Noncombative Council Approves Budget Tuesday Night
The move means that Montclair homeowners will see, on average, a rise of $108.24 in their overall combined municipal, school, and Essex County tax bill.
A surprisingly noncombative township council unanimously approved a $74.9 million 2012 municipal budget on Tuesday night that will result in a less than 1 percent rise in overall local property taxes for residents.
The budget translates to a 5.1 percent increase over last year's $71.2 million budget.
The budget passed 7-0 with little discussion, followed by the exclamation of "Hallelejah" from Mayor Jerry Fried and a round of applause from the audience.
In years past, the council has debated heatedly—for months—before approving a budget.
Tuesday night's vote means that Montclair homeowners will see, on average, a rise of $108.24 in their overall combined municipal, school, and Essex County tax bill.
The total 2012 tax levy will now be $51 million, or 4 percent more compared with $49.1 million last year.
The municipal budget included an increase in funding for the Montclair Community Pre-K. Even so, the school will receive only $62,500, or half of the $125,000 it got last year. The budget also included $350,000 for the Montclair Public Library.
On Tuesday night, Councilor Renee Baskerville also was able to successfully persuade the council to add $15,500 to the budget for a summer youth jobs program that would create jobs for 22 young people.
The allocation, however, was opposed by councilors Rich Murnick, Cary Africk, and Mayor Jerry Fried.
"We are still in a time of austerity," Fried said. "I hope that future councils will be able to do things like this.
"But our house is not yet in order," he said.
Africk said he was concerned that areas such as the municipal court are still being underfunded.
"I'm concerned that the municipal court is only getting $19,000 more even after judges came to us and said they [don't have the staff] to fill out the proper paperwork for expungements or [to deal with] people from out of state who pass through town and get a ticket," he said.
The council also voted Tuesday night to approve more than $6 million in spending—for items that range from computer equipment to township vehicles—angering residents such as Sandy Sorkin.
For example, the council approved a bond ordinance appropriating $3,053,440 for various improvements to school buildings and grounds.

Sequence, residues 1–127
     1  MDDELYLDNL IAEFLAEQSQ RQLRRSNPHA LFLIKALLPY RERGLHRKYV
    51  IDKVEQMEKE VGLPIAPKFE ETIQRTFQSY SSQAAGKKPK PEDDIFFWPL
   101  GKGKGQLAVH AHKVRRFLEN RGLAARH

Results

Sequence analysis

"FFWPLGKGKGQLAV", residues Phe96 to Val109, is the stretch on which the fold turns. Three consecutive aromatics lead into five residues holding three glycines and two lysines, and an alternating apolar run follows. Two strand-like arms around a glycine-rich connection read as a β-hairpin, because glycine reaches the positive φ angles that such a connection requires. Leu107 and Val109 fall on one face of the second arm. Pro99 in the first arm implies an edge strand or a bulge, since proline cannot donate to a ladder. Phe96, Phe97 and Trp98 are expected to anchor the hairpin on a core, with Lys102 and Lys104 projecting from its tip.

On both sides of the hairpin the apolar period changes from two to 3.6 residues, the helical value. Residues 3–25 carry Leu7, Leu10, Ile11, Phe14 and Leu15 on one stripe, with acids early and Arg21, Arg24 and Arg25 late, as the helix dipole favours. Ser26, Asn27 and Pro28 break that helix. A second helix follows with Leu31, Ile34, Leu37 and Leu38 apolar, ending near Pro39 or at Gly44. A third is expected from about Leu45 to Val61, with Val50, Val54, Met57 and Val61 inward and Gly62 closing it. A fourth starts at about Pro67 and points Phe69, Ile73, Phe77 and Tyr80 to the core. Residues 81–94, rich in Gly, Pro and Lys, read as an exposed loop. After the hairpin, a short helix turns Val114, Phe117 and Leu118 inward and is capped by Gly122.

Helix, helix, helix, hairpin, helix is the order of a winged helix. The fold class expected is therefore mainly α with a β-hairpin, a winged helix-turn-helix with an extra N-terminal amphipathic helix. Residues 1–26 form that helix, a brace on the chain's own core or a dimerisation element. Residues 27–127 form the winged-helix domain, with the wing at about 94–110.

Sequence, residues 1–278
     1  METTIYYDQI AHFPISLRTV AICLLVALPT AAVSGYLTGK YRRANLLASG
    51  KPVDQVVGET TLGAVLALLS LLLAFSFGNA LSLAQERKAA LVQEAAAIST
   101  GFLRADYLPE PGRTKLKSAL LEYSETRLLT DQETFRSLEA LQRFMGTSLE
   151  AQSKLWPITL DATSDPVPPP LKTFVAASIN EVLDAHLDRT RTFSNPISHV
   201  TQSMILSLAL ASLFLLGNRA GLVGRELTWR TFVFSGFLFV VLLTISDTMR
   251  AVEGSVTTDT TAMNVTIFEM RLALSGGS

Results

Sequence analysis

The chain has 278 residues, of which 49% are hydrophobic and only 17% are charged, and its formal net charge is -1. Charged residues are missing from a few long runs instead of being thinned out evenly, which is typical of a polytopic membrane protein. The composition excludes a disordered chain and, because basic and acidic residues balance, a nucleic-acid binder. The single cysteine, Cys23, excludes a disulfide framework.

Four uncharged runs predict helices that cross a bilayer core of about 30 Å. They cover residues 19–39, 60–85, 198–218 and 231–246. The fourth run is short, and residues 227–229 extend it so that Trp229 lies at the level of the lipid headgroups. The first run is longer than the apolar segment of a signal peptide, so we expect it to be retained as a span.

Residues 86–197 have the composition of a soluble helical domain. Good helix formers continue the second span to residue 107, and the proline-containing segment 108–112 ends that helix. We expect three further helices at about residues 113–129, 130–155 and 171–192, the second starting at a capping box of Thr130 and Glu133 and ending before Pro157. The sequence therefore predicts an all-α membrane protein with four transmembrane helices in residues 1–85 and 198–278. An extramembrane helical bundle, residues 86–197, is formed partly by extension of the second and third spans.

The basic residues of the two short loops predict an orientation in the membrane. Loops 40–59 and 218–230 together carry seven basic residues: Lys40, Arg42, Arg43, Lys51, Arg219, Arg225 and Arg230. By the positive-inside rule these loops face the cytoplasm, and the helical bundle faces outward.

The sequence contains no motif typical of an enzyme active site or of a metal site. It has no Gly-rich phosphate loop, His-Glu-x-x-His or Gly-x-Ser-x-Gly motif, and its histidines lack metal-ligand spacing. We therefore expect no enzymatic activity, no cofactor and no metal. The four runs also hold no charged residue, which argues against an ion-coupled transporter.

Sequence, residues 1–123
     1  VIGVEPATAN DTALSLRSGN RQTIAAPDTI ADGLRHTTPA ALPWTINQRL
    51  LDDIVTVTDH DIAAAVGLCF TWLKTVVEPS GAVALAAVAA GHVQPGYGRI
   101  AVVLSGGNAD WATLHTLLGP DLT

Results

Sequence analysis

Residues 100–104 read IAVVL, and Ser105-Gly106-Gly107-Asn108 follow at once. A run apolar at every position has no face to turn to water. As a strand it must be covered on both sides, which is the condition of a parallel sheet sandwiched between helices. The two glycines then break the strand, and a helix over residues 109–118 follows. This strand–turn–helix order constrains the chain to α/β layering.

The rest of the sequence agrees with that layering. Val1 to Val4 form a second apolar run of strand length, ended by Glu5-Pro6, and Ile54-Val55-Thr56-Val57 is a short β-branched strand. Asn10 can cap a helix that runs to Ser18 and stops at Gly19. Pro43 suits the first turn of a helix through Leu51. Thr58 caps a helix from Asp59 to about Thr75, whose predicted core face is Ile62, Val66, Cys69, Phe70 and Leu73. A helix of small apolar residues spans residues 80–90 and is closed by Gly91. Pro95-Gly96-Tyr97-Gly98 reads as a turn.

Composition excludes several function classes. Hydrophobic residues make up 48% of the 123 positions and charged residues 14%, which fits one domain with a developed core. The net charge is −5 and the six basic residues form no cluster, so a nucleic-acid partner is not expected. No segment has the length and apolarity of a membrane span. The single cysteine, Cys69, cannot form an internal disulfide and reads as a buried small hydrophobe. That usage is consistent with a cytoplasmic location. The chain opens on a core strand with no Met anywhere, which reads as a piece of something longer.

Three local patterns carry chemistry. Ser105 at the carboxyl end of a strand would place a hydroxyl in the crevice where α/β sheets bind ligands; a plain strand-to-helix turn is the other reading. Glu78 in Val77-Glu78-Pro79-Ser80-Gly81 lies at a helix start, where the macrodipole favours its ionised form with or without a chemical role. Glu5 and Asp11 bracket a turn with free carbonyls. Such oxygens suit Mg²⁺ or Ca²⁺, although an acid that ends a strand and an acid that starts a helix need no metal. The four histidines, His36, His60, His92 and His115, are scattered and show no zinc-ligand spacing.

"We have been standing up here for months if not years saying please stop ... $6,296,000 is absolutely totally inappropriate ... would you please reconsider these expenditures?" Sorkin said.
Ultimately, though, the township council said it believed it had little choice but to approve the funding. Councilors noted, for example, that various buildings in town were in need of repair to prevent them from completely falling down.
And Township Manager Marc Dashield emphasized that, despite the capital expenditures approved Tuesday night, Montclair still will be able to pay off $2.4 million of its debt.
Also Tuesday night, Africk expressed frustration that the township was funding improvements on streets such as Valley Road but not funding improvements on Highland Avenue, which he has called a disgrace.
Fried explained that Township Engineer Kim Craft prioritizes street repairs around town and noted that Highland Avenue is simply not a top priority as it's not well traveled enough.
In addition to budget and spending matters, the township council also approved a resolution designating Montclair Kensington Urban Renewal as redeveloper for the implementation of the Hahne's Redevelopment Plan on the Church Street parking lot site.
The company will work with the township to develop a plan to build a controversial 88-unit assisted living facility on the site.
Councilor Nick Lewis said that he hoped the redeveloper follows through on everything the company has promised.
"We are doing this [vote] on the basis of all representations that have been made to us," he said.
Councilor Rich Murnick also said he wished to see the township's interests protected.